Journal of Hazardous Materials Letters, Volume 2, November 2021,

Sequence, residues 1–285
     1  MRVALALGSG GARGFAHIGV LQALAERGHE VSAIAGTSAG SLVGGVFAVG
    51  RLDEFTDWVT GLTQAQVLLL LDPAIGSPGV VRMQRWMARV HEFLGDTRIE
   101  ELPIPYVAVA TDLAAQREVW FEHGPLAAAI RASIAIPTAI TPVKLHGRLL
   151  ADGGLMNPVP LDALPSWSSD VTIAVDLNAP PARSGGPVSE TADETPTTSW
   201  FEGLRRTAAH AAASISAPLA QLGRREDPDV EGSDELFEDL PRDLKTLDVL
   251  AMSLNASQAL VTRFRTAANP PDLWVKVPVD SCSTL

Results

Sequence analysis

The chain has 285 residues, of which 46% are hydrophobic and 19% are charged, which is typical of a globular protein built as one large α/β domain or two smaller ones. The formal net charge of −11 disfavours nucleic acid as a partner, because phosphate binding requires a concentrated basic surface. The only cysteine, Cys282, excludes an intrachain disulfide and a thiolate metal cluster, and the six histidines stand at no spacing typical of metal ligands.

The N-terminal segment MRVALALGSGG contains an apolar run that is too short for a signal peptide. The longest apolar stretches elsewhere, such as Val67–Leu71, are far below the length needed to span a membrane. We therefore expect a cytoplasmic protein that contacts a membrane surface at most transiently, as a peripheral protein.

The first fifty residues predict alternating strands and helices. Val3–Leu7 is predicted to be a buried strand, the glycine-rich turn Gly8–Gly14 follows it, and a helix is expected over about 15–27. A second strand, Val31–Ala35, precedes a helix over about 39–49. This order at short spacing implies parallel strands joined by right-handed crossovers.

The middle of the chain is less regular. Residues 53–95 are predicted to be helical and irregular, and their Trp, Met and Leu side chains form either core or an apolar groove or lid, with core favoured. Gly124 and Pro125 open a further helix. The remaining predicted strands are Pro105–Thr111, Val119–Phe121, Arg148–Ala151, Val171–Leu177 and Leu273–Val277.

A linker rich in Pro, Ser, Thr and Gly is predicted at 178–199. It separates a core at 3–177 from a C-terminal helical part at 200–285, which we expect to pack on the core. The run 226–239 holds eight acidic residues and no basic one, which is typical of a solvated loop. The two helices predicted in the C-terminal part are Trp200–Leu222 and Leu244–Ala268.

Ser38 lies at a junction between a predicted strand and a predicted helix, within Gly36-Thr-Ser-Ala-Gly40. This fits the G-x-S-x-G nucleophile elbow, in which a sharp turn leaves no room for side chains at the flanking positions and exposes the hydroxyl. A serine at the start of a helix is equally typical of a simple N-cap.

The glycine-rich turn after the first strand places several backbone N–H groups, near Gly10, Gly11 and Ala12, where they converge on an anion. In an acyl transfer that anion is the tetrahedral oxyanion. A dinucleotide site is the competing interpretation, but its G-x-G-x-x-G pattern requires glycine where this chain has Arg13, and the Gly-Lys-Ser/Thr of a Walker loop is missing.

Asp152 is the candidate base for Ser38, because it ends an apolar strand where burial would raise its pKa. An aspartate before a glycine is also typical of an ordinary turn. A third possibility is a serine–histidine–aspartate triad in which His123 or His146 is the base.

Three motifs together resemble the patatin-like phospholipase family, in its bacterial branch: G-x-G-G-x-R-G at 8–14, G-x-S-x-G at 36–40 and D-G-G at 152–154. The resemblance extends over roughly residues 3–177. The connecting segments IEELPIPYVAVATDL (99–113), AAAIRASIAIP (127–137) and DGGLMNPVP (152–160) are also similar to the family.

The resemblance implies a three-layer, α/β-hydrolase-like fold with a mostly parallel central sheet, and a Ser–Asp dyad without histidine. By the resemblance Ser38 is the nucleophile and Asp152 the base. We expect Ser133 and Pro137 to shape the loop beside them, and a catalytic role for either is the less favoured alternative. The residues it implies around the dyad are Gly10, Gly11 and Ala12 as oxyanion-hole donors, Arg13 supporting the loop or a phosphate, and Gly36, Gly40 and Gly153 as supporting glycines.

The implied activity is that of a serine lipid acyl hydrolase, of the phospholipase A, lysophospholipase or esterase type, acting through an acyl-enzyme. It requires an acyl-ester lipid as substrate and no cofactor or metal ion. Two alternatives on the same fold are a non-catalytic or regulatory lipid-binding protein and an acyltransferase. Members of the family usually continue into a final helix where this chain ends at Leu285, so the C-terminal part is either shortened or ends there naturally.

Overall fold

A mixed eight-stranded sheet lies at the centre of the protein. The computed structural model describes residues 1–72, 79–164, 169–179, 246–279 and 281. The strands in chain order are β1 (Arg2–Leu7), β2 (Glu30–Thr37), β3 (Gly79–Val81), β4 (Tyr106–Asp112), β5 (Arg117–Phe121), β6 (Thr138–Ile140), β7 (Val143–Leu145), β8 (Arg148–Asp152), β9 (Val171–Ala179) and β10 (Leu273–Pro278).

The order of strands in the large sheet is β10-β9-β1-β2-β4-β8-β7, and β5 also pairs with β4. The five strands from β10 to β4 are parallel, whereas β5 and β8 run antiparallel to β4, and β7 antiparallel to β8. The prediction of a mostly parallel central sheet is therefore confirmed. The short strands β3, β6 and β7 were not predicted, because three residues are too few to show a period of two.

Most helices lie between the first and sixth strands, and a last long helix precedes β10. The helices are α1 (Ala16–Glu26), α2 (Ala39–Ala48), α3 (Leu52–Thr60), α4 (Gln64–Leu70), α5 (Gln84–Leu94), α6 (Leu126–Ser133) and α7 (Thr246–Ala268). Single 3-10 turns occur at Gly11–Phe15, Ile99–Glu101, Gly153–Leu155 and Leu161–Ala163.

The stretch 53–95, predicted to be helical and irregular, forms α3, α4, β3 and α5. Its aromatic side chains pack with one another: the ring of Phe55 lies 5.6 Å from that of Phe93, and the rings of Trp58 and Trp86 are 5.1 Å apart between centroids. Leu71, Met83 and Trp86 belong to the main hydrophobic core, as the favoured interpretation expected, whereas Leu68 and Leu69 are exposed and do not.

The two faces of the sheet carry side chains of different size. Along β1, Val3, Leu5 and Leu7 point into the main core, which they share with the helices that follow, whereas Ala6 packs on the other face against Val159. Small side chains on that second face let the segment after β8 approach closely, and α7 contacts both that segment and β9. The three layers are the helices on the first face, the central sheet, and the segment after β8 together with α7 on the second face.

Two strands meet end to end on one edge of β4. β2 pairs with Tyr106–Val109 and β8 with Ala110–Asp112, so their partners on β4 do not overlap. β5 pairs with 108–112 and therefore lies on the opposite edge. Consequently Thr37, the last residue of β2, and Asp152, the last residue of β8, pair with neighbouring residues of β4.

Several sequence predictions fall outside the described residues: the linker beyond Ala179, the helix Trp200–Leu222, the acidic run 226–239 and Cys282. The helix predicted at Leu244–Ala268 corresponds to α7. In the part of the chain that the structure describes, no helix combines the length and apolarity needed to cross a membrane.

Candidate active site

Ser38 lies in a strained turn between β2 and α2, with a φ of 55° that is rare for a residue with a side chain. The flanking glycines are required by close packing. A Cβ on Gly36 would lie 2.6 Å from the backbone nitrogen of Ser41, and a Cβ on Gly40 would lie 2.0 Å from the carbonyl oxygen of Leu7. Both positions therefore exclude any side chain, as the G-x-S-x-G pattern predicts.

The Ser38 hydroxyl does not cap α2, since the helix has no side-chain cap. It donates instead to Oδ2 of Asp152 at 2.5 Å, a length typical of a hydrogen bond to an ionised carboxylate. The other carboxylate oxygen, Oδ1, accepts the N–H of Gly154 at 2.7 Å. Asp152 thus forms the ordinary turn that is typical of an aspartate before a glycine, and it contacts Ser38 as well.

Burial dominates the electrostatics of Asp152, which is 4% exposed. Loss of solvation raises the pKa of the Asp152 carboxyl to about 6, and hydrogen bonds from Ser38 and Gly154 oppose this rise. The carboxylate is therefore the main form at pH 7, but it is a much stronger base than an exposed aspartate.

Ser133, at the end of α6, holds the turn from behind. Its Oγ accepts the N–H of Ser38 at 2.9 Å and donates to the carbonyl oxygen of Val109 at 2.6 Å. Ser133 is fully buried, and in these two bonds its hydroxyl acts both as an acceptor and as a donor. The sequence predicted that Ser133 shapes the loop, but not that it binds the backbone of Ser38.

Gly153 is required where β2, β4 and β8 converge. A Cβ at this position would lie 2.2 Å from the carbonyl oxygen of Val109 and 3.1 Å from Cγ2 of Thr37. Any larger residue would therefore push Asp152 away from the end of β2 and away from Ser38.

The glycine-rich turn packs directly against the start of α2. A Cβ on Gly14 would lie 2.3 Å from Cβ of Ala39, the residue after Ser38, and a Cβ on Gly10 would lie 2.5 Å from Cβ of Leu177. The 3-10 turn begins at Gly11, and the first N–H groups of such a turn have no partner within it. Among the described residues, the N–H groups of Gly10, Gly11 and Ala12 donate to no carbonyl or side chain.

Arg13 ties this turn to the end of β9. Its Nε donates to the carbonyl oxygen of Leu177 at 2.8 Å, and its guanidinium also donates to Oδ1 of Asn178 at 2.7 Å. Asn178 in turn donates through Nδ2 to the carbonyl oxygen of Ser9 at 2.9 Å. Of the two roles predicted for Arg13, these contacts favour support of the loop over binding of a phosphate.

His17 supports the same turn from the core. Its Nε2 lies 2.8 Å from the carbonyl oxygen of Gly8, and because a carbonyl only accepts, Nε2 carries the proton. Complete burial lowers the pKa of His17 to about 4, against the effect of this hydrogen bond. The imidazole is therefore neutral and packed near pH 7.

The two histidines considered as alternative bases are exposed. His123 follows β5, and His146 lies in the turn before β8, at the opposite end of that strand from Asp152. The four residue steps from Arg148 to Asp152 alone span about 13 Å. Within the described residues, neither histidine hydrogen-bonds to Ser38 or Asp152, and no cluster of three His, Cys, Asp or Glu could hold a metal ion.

Vinyl chloride (VC) and 1,4-dioxane (DX) are carcinogens and co-occurring groundwater pollutants. Co-contaminants often affect the ability of microorganisms to biodegrade individual constituents. One of the mechanisms by which microbial cells overcome toxic inhibition is by transforming the inhibitory compounds. In this study, while VC inhibited DX biodegradation, it was surprisingly utilized as a growth substrate by Pseudonocardia dioxanivorans CB1190. Increasing concentrations of VC decreased DX biodegradation rates, whereas increasing DX did not have a strong effect on VC biodegradation. CB1190 was able to biodegrade both compounds simultaneously. The dxmB and aldH gene targets were down regulated during VC biodegradation and were likely not induced by VC. After incubating CB1190 with 13C-labeled VC, the detection of isotopic labeled metabolites engaged in lipid and protein synthesis (e.g., aspartate, alpha-ketoglutarate, acetyl-CoA) and energy production (e.g., ATP) provided direct evidence of CB1190’s ability to use VC as a source of carbon and energy. Collectively, these results confirm that CB1190 utilizes VC, a strong DX degradation inhibitor, as a growth substrate. This ability to aerobically degrade VC as well as DX would make CB1190 an attractive bioaugmentation culture at sites where enhanced reductive dechlorination stalls at VC due to oxygen intrusion or strain-specific limitations.